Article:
Laughing into Bank
James Ettelson, artist, 26, on a police love affair, the gel of laughter and the beauty of a good chemical cocktail. By Jed Smith As the sun sets over Sydney, artist James Ettelson stands roadside in the affluent North Shore suburb of Mosman, trousers removed, and a policeman gently invading his backdoor pipe. His friend, […]
James Ettelson, artist, 26, on a police love affair, the gel of laughter and the beauty of a good chemical cocktail.
By Jed Smith
As the sun sets over Sydney, artist James Ettelson stands roadside in the affluent North Shore suburb of Mosman, trousers removed, and a policeman gently invading his backdoor pipe. His friend, Adam stands next to him awaiting the same treatment while more cops empty the contents of their car on the street.
In three weeks, Etto will present his second solo show, LAUGH, at Sydney’s Arthouse Gallery and this was supposed to be his relaxing weekend away before the final dash.
“We were going, ‘Is this happening?'” he recalls.
Etto and Adam had been on their way back from his Dad’s farm near Scotts Head on the NSW mid-north coast, a few days surfing, cracking whips and scorching Scotts Head heads seeming the ideal way to take his mind off the show. But, they forgot to take the mull bowl off the back seat as they pulled into a roadside breath test, and now they’re being finger-fucked.
The cops find some bud (not enough for a charge) and a Valium. Etto has a prescription but they find it on Adam and Etto admits giving it to him meaning he’s now up on a trafficking charge. They’re taken back to the station for another strip search. “They were writing me off about my ‘shit tatts,'” says Etto, who, among his many ink jobs has an image of a bra with the words “bra girls” below it.
“I reckon it’s funny but be careful who you show that too,” was Sunny Abberton’s response when Etto showed it to him. There’s also a a tattoo that was supposed to read “skate or bond” but actually reads “skate or bodi” because the tattooist got stoned and misspelt the second word. They will spend the next eight hours in a holding cell, not easy for Etto, who is claustrophobic, before they’re released.
“I was just going, ‘Fuck, I’ve gotten away with that much other shit.’ I guess it was my time to get busted for something,” he says.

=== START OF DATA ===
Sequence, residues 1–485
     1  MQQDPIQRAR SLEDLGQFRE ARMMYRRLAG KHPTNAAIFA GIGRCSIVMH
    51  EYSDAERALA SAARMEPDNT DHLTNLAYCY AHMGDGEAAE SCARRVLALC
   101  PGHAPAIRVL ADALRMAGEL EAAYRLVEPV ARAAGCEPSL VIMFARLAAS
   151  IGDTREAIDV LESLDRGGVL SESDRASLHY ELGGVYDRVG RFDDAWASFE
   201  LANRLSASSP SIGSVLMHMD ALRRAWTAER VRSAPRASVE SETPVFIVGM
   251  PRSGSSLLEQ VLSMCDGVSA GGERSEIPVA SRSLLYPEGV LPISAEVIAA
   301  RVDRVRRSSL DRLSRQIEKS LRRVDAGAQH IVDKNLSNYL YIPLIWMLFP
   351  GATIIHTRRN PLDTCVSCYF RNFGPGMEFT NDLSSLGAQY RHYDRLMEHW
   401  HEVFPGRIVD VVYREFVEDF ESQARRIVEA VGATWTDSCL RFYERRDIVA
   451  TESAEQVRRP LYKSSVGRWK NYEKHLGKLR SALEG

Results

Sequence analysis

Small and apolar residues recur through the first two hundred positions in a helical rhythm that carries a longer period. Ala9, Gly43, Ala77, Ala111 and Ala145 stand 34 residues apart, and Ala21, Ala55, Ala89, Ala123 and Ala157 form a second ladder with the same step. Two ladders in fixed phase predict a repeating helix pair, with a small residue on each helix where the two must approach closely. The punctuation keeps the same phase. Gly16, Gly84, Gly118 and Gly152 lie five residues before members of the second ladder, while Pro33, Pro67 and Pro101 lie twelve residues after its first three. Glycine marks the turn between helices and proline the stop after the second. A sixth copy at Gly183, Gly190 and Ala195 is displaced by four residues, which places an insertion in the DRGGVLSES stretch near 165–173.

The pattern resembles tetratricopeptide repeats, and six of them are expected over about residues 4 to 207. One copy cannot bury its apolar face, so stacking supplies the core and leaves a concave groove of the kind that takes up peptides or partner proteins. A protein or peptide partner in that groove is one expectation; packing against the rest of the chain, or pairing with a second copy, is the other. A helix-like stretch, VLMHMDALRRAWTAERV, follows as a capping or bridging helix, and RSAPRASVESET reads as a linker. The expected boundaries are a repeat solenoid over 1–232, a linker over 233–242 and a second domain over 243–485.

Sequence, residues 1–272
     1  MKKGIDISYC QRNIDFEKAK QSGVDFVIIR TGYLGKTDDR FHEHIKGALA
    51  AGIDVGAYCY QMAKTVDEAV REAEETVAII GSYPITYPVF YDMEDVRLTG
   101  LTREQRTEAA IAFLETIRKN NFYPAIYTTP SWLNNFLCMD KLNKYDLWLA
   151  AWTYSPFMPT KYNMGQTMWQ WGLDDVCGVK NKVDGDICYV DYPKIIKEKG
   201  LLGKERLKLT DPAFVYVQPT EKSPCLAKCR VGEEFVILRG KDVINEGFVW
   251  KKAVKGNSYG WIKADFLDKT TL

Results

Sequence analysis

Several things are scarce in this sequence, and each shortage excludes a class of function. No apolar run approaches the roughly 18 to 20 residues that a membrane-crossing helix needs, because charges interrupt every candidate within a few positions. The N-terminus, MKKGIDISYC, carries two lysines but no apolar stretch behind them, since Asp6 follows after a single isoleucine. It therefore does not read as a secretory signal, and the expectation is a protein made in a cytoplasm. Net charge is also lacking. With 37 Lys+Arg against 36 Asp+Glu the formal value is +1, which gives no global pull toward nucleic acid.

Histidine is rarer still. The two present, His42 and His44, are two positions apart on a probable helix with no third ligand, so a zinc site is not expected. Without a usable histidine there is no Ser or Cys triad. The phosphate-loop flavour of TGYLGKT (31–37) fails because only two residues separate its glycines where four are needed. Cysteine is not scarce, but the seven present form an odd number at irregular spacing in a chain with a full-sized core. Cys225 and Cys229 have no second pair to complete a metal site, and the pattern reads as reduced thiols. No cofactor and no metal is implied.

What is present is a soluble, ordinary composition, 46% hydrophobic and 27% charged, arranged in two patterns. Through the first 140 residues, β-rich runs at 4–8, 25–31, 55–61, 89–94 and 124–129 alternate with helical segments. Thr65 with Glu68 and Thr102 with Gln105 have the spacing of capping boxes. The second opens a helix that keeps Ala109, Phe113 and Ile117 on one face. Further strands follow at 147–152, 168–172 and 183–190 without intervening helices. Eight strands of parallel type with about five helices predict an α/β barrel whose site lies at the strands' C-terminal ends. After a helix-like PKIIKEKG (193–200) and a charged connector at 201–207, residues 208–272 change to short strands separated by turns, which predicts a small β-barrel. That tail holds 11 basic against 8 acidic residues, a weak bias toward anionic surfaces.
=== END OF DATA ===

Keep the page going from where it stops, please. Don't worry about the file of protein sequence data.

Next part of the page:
Raised in Avalon, Etto’s youth was a haze of surf, smoke and assorted skullduggery. Like many groms in the area, he too fell under the spell of Ozzie Wright, soon taking up Ozzie’s muse, Jean Michel-Basquiat whom he still idolises and pays homage to in LAUGH. Like his two idols, Etto has never been to an art class.
“Everyone’s in your ear telling you, you can choose between a gallery or us and we’ll strip you back and make you forget everything you know. I was like, fuck, it’s gonna make me hate art after three years,” he says of the decision.
It was in these wake-and-bake days of surfed-out bliss that Etto and his pals refined the cheesy puns and extreme sarcasm that, along with his signature depth rendering and excruciating attention to detail, defines his latest collection.
“Most people just think we’re lame losers. When people hang out with us they understand the lameness of our sense of humour and what we’re getting at. Hopefully, most people around our generation, a bit older and younger maybe, get it,” he says.
LAUGH is also an important personal milestone for Etto, whose acclaimed, though much darker, 2010 debut show, Magic Eyes, was produced in a blur of boozy Xanax benders and oscillating mental health. “That was the first time I wigged out and thought I had no control,” he says. He’s since reacquainted himself with surfing (“It’s the best thing ever. If I didn’t have it I’d definitely be depressed”) and pulled back on the drugs, saying, “I just smoked a lot of weed for this show.”
At opening night, Etto covers his mouth with his hat as the curator gives the obligatory preamble to kick off proceedings in front of the capacity crowd. There are maybe 70 or 80 people here, from old loaded eccentrics and art dealers through to the vast majority of degenerate surf/skate/muso types jostling for position at the free champagne table.
“I was cornered by gnarly old women all night but it was a hell good turnout, so I was stoked with that,” says Etto.
He wasn’t the only one. The exhibition was a sell-out with 50k of art going on the first night and the rest the week after. Yet, with the drug charge unresolved, Etto can’t enjoy it and worse still, he’s just started fielding offers from the Los Angeles and NYC galleries he’d long hoped to represent, an impossibility with a drug conviction. He has to fight it and does, representing himself in court a few weeks later. The judge looks at him over his square, rimless glasses and decides in seconds. “He just laughed at it. Section 10!*”
*Case dismissed pending a good behaviour bond.
Go check out Etto’s Tumblr, here.
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